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Agronomy Journal Abstract -

Winter Wheat Yield Reduction from Interference by Italian Ryegrass1


This article in AJ

  1. Vol. 68 No. 3, p. 463-466
    Received: July 21, 1975

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  1. A. P. Appleby,
  2. P. D. Olson and
  3. D. R. Colbert2



Italian ryegrass (Lolium multiflorum Lam.) is a serious and widespread weed problem in grain fields of western Oregon and Washington. Field studies were conducted to measure effects of Italian ryegrass interference on winter wheat (Triticum aestivum L.) yields. Wheat cultivars used were ‘Nugaines,’ ‘Druchamp,’ ‘Hyslop,’ and ‘Yamhill.’ Ryegrass densities ranging from 0 to approximately 100 plants/m2 were established by hand distribution on the soil surface, followed by harrowing. Urea fertilizer was applied in the spring at 56, 112, and 168 kg of N/ha.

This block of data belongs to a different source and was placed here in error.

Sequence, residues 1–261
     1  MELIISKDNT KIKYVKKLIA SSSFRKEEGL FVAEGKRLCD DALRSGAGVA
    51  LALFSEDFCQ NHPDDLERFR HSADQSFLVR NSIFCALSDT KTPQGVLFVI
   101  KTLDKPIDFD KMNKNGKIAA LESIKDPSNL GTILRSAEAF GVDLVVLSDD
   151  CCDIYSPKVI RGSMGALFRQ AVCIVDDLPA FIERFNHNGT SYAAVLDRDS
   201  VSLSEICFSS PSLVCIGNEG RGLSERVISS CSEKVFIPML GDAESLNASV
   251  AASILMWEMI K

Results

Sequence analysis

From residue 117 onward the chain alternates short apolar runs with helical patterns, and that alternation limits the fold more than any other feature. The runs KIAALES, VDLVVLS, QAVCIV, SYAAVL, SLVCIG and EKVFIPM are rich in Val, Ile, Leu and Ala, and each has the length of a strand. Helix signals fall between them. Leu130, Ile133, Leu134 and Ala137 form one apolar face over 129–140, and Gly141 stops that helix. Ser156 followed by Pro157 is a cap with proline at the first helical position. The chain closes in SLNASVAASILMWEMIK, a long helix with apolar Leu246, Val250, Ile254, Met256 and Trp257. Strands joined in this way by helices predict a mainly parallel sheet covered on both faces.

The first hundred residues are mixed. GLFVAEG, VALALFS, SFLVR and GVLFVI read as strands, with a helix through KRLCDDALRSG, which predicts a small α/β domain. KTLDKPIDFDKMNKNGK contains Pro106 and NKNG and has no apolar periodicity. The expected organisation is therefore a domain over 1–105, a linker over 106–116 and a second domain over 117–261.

As ryegrass densities increased, wheat grain yields decreased. In one experiment, wheat grain yield was reduced by 4,100 kg/ha when the ryegrass density was increased from 0.7 to 93 plants/m2. Interference caused greater percentage reductions in wheat yields at 168 kg N/ha than at 56 kg N/ha when ryegrass densities were high. The percentage of yield reduction tended to be higher in short wheat cultivars, Nugaines and Hyslop, than in tall cultivars, Druchamp and Yamhill. When no weed control measures were used, ryegrass infestations in the 1970 crop caused wheat yield reductions in the 1971 crop. This was due to higher ryegrass densities in 1971 in plots where the heaviest ryegrass densities occurred in 1970. When ryegrass was controlled with diuron [3-(3,4-dichlorophenyl)-1,1-dimethylurea] in 1971, no carry-over effects from previous ryegrass infestations could be measured. Results obtained in these studies illustrate the importance of good ryegrass control in winter wheat management systems.

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